Today, I have a nasty cough.  My son also has a persistent cough.  This weekend my wife has come down with something new--a sore throat and a fever.  (I am looking forward to getting that one next!)

As the least sick driver in the house, it is my duty to go out and get the medicine.  And here we come to it.  My state, North Carolina, has decided that we are not to be trusted to buy pseudophedrine HCL.  First, we must show IDENTIFICATION to be registered in a statewide system.  We don't have to show ID in Presidential elections where we choose who will be the most powerful man on the planet, but we have to present ID for a stuffy nose!  Second, the amount we are allowed to buy is limited.  There were two boxes I was considering.  The first was just straight up pseudophedrine.  The other box was a mix of pseudophedrine and a sinus pain reliever.  My wife frequently has sinus troubles and I thought that she might like that.  So I, as a normal consumer, chose both.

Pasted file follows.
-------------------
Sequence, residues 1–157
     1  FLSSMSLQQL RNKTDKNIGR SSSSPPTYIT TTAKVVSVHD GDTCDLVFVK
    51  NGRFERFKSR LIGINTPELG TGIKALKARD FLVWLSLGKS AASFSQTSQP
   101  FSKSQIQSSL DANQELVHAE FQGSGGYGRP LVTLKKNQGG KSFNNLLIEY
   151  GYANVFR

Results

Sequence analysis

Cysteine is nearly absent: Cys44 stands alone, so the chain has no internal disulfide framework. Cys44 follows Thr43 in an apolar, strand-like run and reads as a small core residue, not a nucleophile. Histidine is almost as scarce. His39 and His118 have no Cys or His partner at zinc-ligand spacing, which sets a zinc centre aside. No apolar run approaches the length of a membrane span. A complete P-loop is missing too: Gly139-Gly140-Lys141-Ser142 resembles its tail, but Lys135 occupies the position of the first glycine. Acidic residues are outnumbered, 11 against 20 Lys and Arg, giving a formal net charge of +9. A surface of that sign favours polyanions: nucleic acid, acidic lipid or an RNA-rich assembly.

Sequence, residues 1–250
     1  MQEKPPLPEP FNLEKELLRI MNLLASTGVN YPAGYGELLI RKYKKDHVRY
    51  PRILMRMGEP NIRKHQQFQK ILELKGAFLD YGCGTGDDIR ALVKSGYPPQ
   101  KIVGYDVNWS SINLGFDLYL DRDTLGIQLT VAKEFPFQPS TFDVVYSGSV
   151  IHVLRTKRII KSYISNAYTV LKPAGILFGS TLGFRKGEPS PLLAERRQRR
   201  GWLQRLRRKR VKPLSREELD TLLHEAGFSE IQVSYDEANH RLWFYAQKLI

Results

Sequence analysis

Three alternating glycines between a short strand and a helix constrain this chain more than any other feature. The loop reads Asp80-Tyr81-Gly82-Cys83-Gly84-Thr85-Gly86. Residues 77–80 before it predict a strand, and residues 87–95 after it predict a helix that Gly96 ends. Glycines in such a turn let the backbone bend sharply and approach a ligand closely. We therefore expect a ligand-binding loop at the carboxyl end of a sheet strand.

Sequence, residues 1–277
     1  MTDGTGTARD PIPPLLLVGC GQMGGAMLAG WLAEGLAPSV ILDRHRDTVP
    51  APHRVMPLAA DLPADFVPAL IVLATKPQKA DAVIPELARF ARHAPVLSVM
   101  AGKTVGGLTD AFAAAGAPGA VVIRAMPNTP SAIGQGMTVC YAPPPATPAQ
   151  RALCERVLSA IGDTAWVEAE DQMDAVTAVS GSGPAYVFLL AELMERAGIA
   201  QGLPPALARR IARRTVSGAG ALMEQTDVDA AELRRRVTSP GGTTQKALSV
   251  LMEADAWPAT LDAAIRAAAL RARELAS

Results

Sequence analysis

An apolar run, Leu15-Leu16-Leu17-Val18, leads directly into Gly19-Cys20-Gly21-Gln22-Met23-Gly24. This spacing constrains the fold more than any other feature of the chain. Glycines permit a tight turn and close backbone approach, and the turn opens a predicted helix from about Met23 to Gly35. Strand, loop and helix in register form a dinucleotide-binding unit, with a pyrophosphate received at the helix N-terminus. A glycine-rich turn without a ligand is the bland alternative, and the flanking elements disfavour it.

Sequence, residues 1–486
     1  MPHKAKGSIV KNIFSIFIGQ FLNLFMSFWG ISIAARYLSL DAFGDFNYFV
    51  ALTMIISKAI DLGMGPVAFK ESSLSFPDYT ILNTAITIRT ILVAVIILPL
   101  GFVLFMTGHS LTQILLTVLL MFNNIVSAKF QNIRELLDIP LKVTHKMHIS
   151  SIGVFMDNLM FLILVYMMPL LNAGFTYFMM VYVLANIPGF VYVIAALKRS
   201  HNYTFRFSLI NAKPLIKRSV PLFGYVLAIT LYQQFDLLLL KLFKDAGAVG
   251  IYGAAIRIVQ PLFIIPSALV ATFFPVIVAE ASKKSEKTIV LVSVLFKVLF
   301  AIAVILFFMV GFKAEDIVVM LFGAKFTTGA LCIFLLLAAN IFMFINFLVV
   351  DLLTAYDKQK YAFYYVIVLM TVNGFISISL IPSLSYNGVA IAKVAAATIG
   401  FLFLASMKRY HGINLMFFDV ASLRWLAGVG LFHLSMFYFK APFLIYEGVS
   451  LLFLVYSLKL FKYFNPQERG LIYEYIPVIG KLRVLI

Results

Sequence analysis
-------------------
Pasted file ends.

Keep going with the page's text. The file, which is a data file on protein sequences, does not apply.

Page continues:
And then the machine chimed.

I would be breaking the law to buy two boxes!  Oh heavens!  How dare I want something that deals with multiple symptoms and something else that only deals with a stuffy nose.  I know!  How dare I think that I shouldn't over-medicate myself while providing multi-symptom relief for my wife!

The government can explain how they are just looking out for me.  They can explain how through this law they are cracking down on Meth makers and users.

All of these reasons are really irrelevant.  What it comes down to is the relation between the individual and the state.  Who owns my body?  Am I sovereign over myself?  The Classical Liberal/Modern Libertarian says that as long as I am not violating another's rights, then I should be free.  I should have control over what I put into my own body.